Through professional learning, collaboration, and coaching, we aim to improve student learning using highly effective instructional practices. Additionally, we are here to support our LEA partners with building and sustaining healthy systems and language instruction educational programs to serve their English learners (ELs) and families. Currently, Central Rivers AEA has over 4,000 ELs who speak more than 60 languages! As the number of ELs increases in our classrooms and districts, Central Rivers AEA is here to serve you!
Guidance & Resources
- English Learner Tool Kit (Office of English Language Acquisition)
- Dear Colleague Letter (US Department of Education and US Department of Justice)
- Schools’ Civil Rights Obligations to English Learners (Office of Civil Rights)
- Developing Programs for ELs: Plan Development (OCR)
- Iowa Department of Education EL website
- Center for Applied Linguistics (CAL)
- Teachers of English to Speakers of Other Languages (TESOL)
- National Clearinghouse of English Language Acquisition (NCELA)
- National Association of Bilingual Education (NABE)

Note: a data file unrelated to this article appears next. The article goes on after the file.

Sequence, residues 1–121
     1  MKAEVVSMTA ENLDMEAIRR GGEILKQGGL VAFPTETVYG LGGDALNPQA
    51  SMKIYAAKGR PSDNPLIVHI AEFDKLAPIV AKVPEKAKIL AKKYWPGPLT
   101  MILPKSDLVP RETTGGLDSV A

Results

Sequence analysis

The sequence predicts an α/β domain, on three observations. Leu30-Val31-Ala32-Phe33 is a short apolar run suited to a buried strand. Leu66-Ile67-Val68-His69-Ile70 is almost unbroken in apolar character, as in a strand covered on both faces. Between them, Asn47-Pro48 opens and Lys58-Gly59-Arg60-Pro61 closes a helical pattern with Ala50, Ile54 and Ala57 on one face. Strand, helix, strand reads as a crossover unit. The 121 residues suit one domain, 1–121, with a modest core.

English Language Proficiency Assessment for the 21st-Century
The English Language Proficiency Assessment for the 21st Century is a required state assessment given to all identified English learners K-12. The ELPA21 summative assessment is administered annually to assess growth and determine eligibility for continued placement or exit from the program. The ELPA21 summative measures language proficiency based on the English Language Proficiency (ELP) Standards.
For further details visit:
English Language Proficiency (ELP) Standards
English Language Proficiency Standards have been adopted by the Iowa State Board of Education for grades K-12. These standards correspond to knowledge about language and the skills of using language that are necessary for English Learners’ success in the Iowa Core. Standards within the grade bands are differentiated by proficiency level. You can find further details on the Iowa Department of Education webpage.
Accessing the ELP Standards Training Modules
There are six English Language Proficiency Standards training modules. The Trainings for Schools document will provide you with directions on how to access the modules and the content.
The Lau Plan is named after the U.S. Supreme Court’s 1974 decision in Lau v. Nichols to ensure that all students have equal access and that identical education does not constitute equal education under the Civil Rights Act of 1964. Public and nonpublic schools must keep an updated, accurate and compliant Lau Plan on file and available for review upon request.
For further details, visit the Iowa DE Lau Plan webpage.